Monday, August 8, 2011

For the Record

One month ago today I lost most of the hearing in my good (left) ear. Rendering me functionally deaf.

Now seems like a pretty good time to take inventory and review my hearing history.

  • Forever: As long as I can remember I have had trouble with ear infections. About 10 years or so ago my doctor was able to explain why. He said that the shape of my skull causes my ears to sit relatively low on my head. This in turn causes the first part of my Eustachian tubes to be horizontal rather than downward tilting. This causes them not to drain as well. Apparently lots of kids start out that way, and they in fact have frequent ear infections. But as they grow the shape of their skull changes and they out-grow the problem. I didn't.

  • One day in 1994: I boarded an airplane while suffering from nasal and sinus congestion. I figured I was over my cold enough that I would be okay. Yeah, I know. Stupid.

    Well I wasn't, and, unbeknownst to me, my ears were congested too. When we got up to altitude my pain was epic, but the worst part of it was the vertigo that concentrated in my right ear. Now I had experienced vertigo before, but never this bad. And the fact that it was in one ear only made it much worse. Eventually the pressure did equalize in that ear, and the vertigo ended, all with a loud squishing noise.

  • Still in 1994, afterward, and for days after: it felt as if my right ear was stuffed with cotton. I eventually saw an ENT specialist about it, and their audiologist confirmed it. I had lost about 30% of the hearing in my right ear. And that was it. I knew what had happened. I knew why I had lost that part of my hearing. I dealt with it and moved on.

    My hearing pretty much stayed as it was for another decade or so. Most of the lost was at high pitches, which are the most directional of sounds, so it was often the case that if someone was speaking to me while I was looking down, I couldn't tell where the voice was coming from.

    But I could still appreciate stereo... if I was wearing headphones... and had the volume balance turned way to the right. I sometimes had trouble following conversations in noisy rooms, too, experiencing the aural confusion that often accompanies loss of stereo hearing.

    And, over time, I began to start hearing a constant high-pitched whine in my right ear, tinnitus, the audio equivalent of "phantom limb" syndrome. My brain's attempt to "fill in" the missing sound it was expecting to receive.

  • Spring of 2006: I pretty much stayed that way until, if I recall correctly, March of 2006. I learned to cope with the loss of natural stereo and the accompanying aural confusion. I learned to ignore the tinnitus until I really only noticed it if I happened to think about it.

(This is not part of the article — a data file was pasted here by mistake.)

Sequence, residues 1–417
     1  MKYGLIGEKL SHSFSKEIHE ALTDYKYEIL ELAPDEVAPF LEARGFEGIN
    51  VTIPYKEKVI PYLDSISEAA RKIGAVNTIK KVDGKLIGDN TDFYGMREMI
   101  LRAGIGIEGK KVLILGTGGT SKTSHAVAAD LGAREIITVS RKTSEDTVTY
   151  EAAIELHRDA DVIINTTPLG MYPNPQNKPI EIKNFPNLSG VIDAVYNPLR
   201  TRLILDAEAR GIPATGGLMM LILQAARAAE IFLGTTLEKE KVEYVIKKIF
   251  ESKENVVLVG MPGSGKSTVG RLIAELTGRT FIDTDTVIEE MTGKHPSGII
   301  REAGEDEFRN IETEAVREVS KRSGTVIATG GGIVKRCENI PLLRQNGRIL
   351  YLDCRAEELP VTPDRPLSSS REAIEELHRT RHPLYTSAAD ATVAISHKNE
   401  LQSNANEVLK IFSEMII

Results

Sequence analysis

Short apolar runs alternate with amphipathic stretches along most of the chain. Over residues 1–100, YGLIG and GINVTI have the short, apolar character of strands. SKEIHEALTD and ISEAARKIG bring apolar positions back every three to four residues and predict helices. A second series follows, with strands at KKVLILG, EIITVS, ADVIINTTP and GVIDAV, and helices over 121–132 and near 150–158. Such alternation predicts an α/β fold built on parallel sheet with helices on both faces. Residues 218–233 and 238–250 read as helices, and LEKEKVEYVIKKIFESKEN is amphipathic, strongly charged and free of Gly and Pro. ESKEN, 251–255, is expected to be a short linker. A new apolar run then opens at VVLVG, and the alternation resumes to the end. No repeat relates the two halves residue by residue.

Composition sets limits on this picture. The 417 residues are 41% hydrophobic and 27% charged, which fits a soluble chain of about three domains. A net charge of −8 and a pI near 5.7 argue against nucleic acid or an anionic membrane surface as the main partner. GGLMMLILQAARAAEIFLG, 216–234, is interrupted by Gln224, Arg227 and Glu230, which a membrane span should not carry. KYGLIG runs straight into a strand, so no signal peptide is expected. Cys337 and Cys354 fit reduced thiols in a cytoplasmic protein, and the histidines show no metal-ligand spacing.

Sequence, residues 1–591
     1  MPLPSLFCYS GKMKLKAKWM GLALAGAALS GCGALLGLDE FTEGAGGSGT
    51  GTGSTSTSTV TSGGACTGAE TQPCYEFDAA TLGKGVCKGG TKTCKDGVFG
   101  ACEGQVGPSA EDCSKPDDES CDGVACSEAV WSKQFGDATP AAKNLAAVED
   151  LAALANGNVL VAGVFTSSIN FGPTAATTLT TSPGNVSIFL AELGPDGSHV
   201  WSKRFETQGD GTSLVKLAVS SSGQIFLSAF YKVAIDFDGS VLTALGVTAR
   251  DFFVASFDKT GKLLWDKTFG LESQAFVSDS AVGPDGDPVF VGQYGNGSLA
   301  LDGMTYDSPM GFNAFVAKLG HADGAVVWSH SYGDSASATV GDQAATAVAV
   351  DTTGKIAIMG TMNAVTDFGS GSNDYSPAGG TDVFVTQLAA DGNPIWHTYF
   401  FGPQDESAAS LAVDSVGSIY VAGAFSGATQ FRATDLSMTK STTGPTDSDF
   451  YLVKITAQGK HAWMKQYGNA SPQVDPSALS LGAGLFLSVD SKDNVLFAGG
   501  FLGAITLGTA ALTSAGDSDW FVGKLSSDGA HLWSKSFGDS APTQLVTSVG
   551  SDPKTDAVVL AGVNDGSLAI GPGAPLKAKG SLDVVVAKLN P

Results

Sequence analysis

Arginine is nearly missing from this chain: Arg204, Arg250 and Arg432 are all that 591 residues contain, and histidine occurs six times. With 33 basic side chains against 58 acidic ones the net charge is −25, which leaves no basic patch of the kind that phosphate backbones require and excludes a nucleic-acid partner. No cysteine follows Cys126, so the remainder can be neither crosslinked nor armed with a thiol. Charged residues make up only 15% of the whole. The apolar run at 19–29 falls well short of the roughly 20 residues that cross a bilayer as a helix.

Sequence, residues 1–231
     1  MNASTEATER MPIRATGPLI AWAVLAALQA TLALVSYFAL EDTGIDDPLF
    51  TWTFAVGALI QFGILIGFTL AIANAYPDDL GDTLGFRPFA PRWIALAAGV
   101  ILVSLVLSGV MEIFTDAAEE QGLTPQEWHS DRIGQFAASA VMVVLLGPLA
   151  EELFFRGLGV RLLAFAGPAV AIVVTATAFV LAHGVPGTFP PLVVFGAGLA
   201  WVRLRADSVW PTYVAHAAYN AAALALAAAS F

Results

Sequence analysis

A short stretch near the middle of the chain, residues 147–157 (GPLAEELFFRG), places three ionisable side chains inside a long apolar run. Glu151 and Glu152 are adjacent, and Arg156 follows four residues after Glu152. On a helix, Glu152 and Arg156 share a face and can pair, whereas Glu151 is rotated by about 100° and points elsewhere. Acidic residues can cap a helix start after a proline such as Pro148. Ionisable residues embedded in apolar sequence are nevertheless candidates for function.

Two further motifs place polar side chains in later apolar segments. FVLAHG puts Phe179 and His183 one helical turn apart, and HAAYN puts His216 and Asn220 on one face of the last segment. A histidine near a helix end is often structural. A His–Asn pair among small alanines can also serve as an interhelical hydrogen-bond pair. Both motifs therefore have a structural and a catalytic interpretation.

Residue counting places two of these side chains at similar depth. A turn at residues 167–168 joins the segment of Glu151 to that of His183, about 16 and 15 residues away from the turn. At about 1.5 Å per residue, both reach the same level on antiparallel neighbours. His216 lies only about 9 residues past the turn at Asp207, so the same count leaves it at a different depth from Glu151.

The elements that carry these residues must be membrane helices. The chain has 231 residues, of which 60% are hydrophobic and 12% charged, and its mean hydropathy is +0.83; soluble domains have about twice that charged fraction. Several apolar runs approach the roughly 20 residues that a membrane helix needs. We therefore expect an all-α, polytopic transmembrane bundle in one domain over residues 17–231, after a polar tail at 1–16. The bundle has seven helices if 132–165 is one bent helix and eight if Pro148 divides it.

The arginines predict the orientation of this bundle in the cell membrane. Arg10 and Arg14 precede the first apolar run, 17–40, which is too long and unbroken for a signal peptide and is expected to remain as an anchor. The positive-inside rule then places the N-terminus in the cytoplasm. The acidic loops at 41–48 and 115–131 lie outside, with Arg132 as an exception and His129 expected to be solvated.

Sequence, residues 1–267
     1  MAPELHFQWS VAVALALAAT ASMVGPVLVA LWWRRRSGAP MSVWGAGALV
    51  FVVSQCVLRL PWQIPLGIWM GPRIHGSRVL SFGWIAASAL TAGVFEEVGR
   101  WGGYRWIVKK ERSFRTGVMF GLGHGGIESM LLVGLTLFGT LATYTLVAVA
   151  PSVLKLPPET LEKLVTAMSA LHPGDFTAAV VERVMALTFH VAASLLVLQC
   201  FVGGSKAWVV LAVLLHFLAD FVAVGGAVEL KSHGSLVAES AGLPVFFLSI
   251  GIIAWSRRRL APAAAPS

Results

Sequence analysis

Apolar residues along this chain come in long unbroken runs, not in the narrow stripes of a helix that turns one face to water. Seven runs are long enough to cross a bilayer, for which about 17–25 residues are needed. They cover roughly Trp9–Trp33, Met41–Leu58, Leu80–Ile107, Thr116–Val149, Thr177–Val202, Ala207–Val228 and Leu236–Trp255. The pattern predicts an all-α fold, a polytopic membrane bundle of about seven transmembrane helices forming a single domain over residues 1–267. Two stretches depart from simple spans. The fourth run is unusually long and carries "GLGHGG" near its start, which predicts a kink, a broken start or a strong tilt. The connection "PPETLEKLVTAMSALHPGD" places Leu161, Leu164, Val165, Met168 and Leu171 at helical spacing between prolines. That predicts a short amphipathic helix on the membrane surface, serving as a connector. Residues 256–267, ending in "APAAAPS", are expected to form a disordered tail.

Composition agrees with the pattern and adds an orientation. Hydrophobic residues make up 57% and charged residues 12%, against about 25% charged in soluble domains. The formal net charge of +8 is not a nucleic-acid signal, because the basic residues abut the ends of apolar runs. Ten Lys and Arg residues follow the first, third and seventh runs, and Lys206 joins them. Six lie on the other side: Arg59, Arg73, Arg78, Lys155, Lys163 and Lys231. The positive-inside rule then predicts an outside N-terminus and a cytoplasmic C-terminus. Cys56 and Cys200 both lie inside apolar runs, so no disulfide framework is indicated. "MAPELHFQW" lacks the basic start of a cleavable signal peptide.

(UPDATE: On that note... Oh, great! Now whenever I re-read this blog entry, I'll start noticing my tinnitus. I feel like the sultan whose flying carpet only works if he does NOT think about elephants.)

    Then one morning I woke up and it seemed that the hearing in my right ear had grown much worse. Literally overnight. Hearing normal (for me) when head hit pillow. Hearing drastically worse when I sorta, kinda heard my alarm clock going off.

    Again the audiologist confirmed it. Hearing was almost nonexistent in my right ear now (less than 10%, some very select squeaky high pitches, and a little bit of bass clef were all that was left). But the shocking news to me was that my left ear now wasn't all that great either (85% remaining, most loss in the middle high range). Now really, my left ear hearing didn't sound any different to me. Maybe it was related to the same loss, and I couldn't tell the difference because the right ear changed so much more dramatically. Maybe it was lost gradually over those 12 years and I just didn't notice. I don't know if I'll ever know. At the time I was more interested in coping than in diagnosis... As if the same thing, whatever it was, could never happen to me again. Yeah, I know. Stupid.

    They were able to boost my hearing with hearing aids. One, to help my diminished left ear directly, AND one on my dead right ear that transmitted to the left ear. After a few weeks, I ditched the right ear hearing aid; the two sets of sound transmission did not always sync up perfectly, which just made things more confusing. So for the most part I just got by with the one hearing aid in my good left ear. Which I sometimes wore and sometimes didn't. Sometimes didn't became more frequent over the years until that day in...

  • November of 2009: I wore the hearing aid in a rainstorm. It got soaked. The electronics fried. I never got around to getting it fixed.

    Yeah, I know. Stupid.